Before we started, had you asked any of us nine judges if the 2016 Chevrolet Camarohad a snowball’s chance in Hyundai’s desert proving grounds of winning our 2016 Car of the Year honors, almost all of us would have said no. Most of us would have been surprised to even see the Camaro as a finalist. Except for Angus MacKenzie, who told me: “On paper it looked strong against a number of the criteria. If it drove well, it was in with a real shot.” May we all be as wise. Still, it’s a flippin’ Camaro, man, forever destined to live in the shadow of the horsey from Dearborn, the Ford Mustang. The other ponycar as our Car of the Year? Fat chance.
Had we stopped and thought about it a little harder, however, we might have reached a different initial conclusion. The Chevrolet Camaro clearly deserved to win our 2016 Car of the Year accolade. Why’s that? Because the sixth-generation Camaro is based on General Motor’s awesome Alpha platform architecture, the same structure that underpins the Cadillac ATS and CTS, the latter being our 2014 Car of the Year. Additionally, we’ve long felt that the ATS has been a burbling V-8, a smart transmission, and an interior upgrade away from KO-ing the BMW 3 Series. Especially as you can absolutely make the argument that GM’s core competency is the small-block. Long story short, we have a history of loving the wondrous-to-drive, lightweight, aluminum- and high-strength-steel intensive Alpha platform. But man, have we been waiting for the General to offer a small-block with a manual transmission.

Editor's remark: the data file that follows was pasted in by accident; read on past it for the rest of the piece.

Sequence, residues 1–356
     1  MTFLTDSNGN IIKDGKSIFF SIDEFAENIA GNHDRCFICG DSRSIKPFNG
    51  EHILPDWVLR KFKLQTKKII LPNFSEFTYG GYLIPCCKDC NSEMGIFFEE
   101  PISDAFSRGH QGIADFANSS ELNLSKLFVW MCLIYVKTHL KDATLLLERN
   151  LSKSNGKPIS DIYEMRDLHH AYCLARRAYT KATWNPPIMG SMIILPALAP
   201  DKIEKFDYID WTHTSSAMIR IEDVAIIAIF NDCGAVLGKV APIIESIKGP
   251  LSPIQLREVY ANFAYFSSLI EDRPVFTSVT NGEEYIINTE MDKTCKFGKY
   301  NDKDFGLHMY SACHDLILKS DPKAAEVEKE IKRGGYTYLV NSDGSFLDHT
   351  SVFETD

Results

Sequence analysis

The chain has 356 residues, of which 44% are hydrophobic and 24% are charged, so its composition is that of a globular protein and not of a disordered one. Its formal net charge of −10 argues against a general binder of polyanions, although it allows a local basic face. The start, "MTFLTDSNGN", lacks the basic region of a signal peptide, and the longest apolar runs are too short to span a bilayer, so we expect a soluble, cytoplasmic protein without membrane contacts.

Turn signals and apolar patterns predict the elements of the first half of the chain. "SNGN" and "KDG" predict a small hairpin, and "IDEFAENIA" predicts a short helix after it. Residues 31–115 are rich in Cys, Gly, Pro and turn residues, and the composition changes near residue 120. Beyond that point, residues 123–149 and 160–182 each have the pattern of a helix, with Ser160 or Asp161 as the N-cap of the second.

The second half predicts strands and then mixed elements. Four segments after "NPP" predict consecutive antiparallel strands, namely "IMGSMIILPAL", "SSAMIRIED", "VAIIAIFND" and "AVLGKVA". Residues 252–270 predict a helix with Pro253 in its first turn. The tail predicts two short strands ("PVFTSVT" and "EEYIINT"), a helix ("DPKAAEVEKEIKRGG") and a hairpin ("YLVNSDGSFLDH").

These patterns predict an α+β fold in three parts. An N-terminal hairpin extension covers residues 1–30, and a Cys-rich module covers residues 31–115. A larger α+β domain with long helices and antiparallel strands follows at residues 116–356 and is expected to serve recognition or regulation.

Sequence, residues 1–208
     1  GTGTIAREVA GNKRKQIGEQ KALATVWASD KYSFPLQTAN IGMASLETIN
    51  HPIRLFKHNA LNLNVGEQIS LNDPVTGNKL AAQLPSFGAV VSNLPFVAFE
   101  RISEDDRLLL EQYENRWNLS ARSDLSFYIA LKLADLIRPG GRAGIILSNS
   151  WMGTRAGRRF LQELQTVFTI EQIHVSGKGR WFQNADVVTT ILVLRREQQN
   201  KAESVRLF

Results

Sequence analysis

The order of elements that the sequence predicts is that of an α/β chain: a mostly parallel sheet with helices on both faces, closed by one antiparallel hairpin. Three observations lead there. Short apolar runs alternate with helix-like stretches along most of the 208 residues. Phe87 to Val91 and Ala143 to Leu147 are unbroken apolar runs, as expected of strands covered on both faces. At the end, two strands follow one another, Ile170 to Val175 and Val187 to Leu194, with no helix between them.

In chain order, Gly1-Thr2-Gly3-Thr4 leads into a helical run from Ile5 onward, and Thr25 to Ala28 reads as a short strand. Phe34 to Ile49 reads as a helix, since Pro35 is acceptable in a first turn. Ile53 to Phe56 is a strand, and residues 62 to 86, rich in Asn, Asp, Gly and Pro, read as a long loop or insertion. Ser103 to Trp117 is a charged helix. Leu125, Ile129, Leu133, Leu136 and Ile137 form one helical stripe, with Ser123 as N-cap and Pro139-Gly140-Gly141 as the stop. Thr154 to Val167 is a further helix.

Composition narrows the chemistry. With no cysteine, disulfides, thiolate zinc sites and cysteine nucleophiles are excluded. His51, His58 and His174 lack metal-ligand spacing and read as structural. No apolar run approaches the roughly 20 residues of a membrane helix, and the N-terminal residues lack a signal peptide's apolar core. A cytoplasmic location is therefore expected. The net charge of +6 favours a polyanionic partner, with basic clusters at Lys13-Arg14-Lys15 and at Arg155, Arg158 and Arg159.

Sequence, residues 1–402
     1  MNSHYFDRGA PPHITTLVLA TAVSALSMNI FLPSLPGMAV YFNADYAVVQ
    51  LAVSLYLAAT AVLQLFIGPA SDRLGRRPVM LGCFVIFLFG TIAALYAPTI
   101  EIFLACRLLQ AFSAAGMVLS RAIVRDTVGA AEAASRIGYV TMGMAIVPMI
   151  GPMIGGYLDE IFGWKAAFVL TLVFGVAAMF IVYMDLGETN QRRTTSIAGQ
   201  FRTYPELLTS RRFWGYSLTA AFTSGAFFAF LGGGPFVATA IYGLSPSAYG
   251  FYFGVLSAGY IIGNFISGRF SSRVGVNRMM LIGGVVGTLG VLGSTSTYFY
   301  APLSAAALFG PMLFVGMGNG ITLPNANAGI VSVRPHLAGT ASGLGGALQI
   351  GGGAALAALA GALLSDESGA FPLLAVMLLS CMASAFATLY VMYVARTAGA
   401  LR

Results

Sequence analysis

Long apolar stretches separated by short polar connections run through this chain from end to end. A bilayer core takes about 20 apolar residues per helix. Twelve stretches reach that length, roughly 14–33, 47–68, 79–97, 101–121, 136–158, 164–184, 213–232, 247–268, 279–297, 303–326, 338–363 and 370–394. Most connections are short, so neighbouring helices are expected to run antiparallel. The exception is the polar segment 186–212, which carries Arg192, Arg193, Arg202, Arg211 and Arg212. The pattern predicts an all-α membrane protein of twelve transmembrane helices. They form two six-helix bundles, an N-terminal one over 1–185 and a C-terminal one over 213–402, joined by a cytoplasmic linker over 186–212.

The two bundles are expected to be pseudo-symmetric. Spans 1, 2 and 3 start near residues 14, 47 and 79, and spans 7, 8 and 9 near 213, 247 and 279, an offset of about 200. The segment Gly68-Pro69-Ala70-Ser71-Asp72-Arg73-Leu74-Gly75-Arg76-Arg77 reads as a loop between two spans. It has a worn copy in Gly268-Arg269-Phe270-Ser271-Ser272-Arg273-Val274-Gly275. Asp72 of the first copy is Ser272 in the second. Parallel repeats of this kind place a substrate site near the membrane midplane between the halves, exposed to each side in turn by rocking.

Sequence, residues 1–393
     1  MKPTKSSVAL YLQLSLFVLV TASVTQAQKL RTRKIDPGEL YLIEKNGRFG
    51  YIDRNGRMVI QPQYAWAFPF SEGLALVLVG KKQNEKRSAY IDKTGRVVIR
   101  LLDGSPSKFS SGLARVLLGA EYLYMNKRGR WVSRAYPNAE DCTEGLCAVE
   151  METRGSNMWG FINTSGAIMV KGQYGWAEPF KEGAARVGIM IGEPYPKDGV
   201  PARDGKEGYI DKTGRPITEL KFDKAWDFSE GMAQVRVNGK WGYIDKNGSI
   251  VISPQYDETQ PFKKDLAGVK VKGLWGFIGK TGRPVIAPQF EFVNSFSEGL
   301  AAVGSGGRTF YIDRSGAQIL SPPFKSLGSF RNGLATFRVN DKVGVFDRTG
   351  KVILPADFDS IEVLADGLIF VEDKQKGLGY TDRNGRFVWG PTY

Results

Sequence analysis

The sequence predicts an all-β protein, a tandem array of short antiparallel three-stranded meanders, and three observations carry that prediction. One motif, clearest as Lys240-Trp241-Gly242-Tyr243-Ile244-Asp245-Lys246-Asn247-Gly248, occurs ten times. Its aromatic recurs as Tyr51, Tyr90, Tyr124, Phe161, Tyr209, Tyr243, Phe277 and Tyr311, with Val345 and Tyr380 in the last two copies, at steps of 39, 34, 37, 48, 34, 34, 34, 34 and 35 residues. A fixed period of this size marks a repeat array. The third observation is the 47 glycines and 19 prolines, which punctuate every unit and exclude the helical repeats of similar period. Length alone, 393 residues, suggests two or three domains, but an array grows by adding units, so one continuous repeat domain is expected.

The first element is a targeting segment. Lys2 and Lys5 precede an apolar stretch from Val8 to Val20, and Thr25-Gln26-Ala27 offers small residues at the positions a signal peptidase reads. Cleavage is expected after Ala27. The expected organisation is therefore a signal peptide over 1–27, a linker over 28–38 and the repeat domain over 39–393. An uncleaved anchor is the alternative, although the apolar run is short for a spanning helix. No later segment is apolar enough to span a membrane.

Boy howdy, did they ever deliver with the 2016 Chevrolet Camaro, our Car of the Year winner. Guest engineering judge Theodore said of the new sixth-generation Camaro: “Quite an accomplishment. Bravo!” He wasn’t only talking about the V-8-engined SS.Chevy also sent us an RS version packing a 335-horsepower, 284-lb-ft of torque, 3.6-liter V-6 and GM’s new eight-speed automatic transmission. Editor-in-chief Loh noted that eight-speed’s “really great calibration.” Something we haven’t been saying about its big brother, the 8L90 cog-swapper found in studs such as the Z06 and CTS-V. We’ve yet to test an 8L90-equipped automatic SS, but here’s hoping the programming is similar to what we experienced with the RS’ 8L45. As for how the V-6 Camaro scoots, Seabaugh was impressed. “The performance you get out of this six-cylinder is amazing,” he said. “It might as well have an SS badge on it. I can already hear the fanboys: ‘My RS does 0-60 mph in 5.3 seconds, handles better than an ATS, and gets killer mileage.’ ” Big time yup. Chevy also makes a 275-hp, 2.0-liter, turbo base model, but we didn’t have access to one in time for this test.